|Incorporated||March 26, 1971|
|• Mayor||Kathy Fagerstrom|
|• State senator||Donald Olson (D)|
|• State rep.||Neal Foster (D)|
|• Total||3.72 sq mi (9.64 km2)|
|• Land||3.72 sq mi (9.64 km2)|
|• Water||0.00 sq mi (0.00 km2)|
|Elevation||43 ft (13 m)|
| • Estimate |
|• Density||42.96/sq mi (16.59/km2)|
|Time zone||UTC-9 (Alaska (AKST))|
|• Summer (DST)||UTC-8 (AKDT)|
Golovin is located at (64.544612, -163.027459).
Golovin is on a point of land between Golovnin Bay and Golovnin Lagoon on the Seward Peninsula in western Alaska. It is about 105 km (65 mi) east of Nome. The area receives its name from Russian Vice-Admiral Vasily Mikhailovich Golovnin, (1776–1831). The town name is misspelled while the bay and lagoon retain the correct spelling.
According to the United States Census Bureau, the city has a total area of 3.7 square miles (9.6 km2), all of it land.
|U.S. Decennial Census|
The present city of Golovin appeared on the 1890 U.S. Census as the native village of Ikaleaveagmiut. In 1900, it would report as Cheennik Village (or Dexter), then an unincorporated village. It would not report again until 1930 when the name was officially reported as Golovin. It would formally incorporate as a city in 1971.
There also were reported the settlements of Golofnin Bay (population 25) and Golofnin City (village) (population 185) on the 1890 and 1900 censuses, but these may have been separate areas outside of the present day Golovin, with the former described as consisting of four small Inuit settlements (Siningmon, Netsekawik, Ukodlint & Chillimiut) on an unspecified location in the bay area. The 1900 census considered Golofnin City a successor to Golofnin Bay, though it appeared that this community was located at the site of the Golovin (or Golofnin) Mission, a Swedish Evangelical Union mission and reindeer station, which was along the west side of the Golovnin Bay (now since abandoned). To compound the confusion, a post office (called Golovin) was established at the mission in 1899, but closed in 1906. It was then relocated to the present Golovin in 1908 and kept the same name.
As of the census of 2000, there were 144 people, 45 households, and 30 families residing in the city. The population density was 38.5 people per square mile (14.9/km²). There were 54 housing units at an average density of 14.5 per square mile (5.6/km²). The racial makeup of the city was 7.64% White, 84.03% Native American, and 8.33% from two or more races. 2.78% of the population were Hispanic or Latino of any race.
There were 45 households out of which 44.4% had children under the age of 18 living with them, 40.0% were married couples living together, 20.0% had a female householder with no husband present, and 33.3% were non-families. 31.1% of all households were made up of individuals and 6.7% had someone living alone who was 65 years of age or older. The average household size was 3.20 and the average family size was 4.17.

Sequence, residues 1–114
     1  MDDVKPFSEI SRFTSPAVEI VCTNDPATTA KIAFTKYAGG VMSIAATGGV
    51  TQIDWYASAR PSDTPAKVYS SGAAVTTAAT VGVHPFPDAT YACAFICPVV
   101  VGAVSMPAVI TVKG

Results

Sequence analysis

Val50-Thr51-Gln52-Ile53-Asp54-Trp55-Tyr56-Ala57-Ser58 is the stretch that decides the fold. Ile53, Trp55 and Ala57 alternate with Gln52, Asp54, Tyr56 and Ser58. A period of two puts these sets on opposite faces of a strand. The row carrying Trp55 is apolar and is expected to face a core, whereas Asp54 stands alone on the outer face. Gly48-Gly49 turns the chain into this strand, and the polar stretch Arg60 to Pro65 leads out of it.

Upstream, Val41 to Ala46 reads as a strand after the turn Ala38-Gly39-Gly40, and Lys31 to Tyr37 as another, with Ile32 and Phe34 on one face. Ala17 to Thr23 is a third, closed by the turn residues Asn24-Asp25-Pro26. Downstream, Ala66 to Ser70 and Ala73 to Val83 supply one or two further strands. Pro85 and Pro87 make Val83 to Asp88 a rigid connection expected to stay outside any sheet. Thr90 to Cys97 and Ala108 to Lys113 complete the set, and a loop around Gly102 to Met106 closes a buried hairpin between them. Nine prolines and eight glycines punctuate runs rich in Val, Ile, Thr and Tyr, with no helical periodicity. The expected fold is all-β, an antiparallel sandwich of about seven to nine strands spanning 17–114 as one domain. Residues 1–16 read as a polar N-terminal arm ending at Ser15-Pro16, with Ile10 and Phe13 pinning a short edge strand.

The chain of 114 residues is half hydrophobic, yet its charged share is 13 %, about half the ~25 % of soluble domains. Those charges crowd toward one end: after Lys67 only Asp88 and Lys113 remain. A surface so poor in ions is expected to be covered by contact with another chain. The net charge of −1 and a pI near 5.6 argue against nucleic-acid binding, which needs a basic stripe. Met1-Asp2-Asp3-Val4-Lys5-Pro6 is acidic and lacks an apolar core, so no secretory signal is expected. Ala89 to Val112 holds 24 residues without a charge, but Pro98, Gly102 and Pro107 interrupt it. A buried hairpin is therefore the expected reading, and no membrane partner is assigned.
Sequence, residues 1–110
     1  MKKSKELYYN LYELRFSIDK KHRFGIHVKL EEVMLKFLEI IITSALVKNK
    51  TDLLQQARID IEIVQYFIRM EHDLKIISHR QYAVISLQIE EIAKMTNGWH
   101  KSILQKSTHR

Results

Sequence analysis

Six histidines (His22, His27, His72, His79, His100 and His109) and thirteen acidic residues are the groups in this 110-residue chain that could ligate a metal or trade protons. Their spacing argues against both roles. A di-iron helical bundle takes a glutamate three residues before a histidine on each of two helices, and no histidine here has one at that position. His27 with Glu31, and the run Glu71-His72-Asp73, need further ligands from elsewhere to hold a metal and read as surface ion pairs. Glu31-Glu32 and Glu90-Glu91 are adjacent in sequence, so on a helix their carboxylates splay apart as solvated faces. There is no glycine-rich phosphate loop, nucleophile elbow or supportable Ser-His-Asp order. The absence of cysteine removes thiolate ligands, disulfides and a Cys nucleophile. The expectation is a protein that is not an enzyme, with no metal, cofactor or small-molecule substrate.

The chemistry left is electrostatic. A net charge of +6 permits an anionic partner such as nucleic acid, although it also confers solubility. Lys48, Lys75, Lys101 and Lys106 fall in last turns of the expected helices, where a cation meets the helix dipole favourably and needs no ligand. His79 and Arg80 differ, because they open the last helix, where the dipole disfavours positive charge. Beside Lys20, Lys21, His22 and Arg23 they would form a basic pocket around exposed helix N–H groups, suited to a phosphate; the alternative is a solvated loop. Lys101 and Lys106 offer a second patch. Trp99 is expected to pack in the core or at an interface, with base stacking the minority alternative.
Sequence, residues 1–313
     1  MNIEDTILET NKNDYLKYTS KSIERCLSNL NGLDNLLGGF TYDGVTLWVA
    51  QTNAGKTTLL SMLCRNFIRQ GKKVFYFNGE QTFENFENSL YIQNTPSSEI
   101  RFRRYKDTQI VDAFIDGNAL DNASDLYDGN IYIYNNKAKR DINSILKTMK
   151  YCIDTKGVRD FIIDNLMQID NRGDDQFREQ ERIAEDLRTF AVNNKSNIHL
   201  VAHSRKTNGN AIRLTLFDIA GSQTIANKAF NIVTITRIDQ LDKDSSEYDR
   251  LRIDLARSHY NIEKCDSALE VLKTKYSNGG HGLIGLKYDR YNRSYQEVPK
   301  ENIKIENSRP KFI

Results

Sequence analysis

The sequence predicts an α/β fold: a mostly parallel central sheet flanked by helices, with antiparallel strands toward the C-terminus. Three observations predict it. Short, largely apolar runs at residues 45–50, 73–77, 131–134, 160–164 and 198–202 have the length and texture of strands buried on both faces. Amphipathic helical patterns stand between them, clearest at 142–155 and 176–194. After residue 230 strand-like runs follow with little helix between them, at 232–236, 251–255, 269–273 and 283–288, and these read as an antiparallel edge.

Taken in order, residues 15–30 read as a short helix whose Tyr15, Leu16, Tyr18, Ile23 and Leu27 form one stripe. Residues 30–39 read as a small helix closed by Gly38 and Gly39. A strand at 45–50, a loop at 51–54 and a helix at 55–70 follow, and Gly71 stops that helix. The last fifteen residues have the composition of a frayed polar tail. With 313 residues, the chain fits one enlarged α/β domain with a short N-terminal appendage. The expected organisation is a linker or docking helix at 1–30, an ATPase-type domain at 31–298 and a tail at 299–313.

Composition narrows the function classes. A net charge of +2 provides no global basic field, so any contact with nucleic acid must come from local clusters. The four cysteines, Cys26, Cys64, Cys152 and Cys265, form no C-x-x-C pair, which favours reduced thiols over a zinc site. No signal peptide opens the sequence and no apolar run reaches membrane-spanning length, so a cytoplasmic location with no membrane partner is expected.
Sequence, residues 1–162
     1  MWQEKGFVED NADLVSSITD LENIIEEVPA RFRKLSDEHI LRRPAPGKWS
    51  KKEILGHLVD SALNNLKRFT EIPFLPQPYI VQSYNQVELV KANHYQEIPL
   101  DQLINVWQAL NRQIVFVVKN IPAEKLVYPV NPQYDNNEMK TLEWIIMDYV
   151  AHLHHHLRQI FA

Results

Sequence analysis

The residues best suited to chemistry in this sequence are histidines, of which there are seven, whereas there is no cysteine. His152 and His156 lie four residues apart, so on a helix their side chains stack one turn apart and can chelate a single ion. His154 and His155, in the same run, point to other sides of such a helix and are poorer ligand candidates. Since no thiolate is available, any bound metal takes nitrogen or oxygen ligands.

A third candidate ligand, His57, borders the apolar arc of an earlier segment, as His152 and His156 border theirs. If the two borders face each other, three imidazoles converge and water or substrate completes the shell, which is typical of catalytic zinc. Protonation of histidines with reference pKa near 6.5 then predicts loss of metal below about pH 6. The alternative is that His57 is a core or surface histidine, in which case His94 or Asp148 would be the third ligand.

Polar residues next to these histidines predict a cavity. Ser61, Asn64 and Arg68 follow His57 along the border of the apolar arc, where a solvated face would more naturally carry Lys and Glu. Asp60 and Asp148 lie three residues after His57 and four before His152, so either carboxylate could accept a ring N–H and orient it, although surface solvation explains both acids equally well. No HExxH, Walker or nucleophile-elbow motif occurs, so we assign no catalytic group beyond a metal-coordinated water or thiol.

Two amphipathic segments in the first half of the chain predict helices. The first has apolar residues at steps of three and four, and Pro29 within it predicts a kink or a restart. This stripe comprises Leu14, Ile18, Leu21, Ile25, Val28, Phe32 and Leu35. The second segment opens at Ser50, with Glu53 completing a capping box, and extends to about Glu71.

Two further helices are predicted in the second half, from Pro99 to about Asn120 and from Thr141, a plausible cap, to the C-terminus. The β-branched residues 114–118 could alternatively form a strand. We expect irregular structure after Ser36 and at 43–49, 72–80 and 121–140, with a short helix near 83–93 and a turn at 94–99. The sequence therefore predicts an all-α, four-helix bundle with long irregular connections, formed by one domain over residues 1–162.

In the city, the age distribution of the population shows 42.4% under the age of 18, 6.3% from 18 to 24, 28.5% from 25 to 44, 16.7% from 45 to 64, and 6.3% who were 65 years of age or older. The median age was 26 years. For every 100 females, there were 118.2 males. For every 100 females age 18 and over, there were 118.4 males.
The median income for a household in the city was $31,875, and the median income for a family was $41,250. Males had a median income of $25,625 versus $31,250 for females. The per capita income for the city was $13,281. There were none of the families and 4.3% of the population living below the poverty line, including no under eighteens and none of those over 64.
Golovin was originally an Inupiat village called Chinik.
Golovin was named for Captain Vasily Golovnin of the Russian Navy, who visited Alaska to inspect the workings of the Russian-American Company in 1807-1809, in the Diana, and in 1817-1819, in the Kamchatka, while circumnavigating the world. Lt. Lavrenty Zagoskin, from the Imperial Russian Navy sent to Alaska to scout locations for trading posts, reported the village as "Ikalikguigmyut" in 1842. In 1867, the Mission Covenant of Sweden established a church and school south of the current site of Golovin. Around 1890, John Dexter established a trading post that became the center for swapping prospecting information for the entire Seward Peninsula. Gold was discovered in 1898 at Council and Golovin became a supply point for the gold fields. Supplies were unloaded from ships at Golovin and shipped across Golovnin Lagoon and up the Fish and Niukluk Rivers to Council.
When gold was discovered in what is now Nome, much of the mining and shipping activity moved there and Golovin declined in population.
Reindeer herding was introduced in the area about 1900.
- "Directory of Borough and City Officials 1974". Alaska Local Government. Juneau: Alaska Department of Community and Regional Affairs. XIII (2): 36. January 1974.
- 2015 Alaska Municipal Officials Directory. Juneau: Alaska Municipal League. 2015. p. 66.
- "2016 U.S. Gazetteer Files". United States Census Bureau. Retrieved Jun 22, 2017.
- "Population and Housing Unit Estimates". Retrieved June 9, 2017.
- "US Gazetteer files: 2010, 2000, and 1990". United States Census Bureau. 2011-02-12. Retrieved 2011-04-23.
- "Census of Population and Housing". Census.gov. Archived from the original on May 12, 2015. Retrieved June 4, 2015.
- "American FactFinder". United States Census Bureau. Archived from the original on 2013-09-11. Retrieved 2008-01-31.
- Elim to Golovin. http://www.iditarod.com/checkpoints/checkpoint48.html
- Mackey Blows Through Elim Headed for Golovin. "Archived copy". Archived from the original on 2010-05-02. Retrieved 2010-04-24.CS1 maint: Archived copy as title (link)
|Wikivoyage has a travel guide for Golovin.|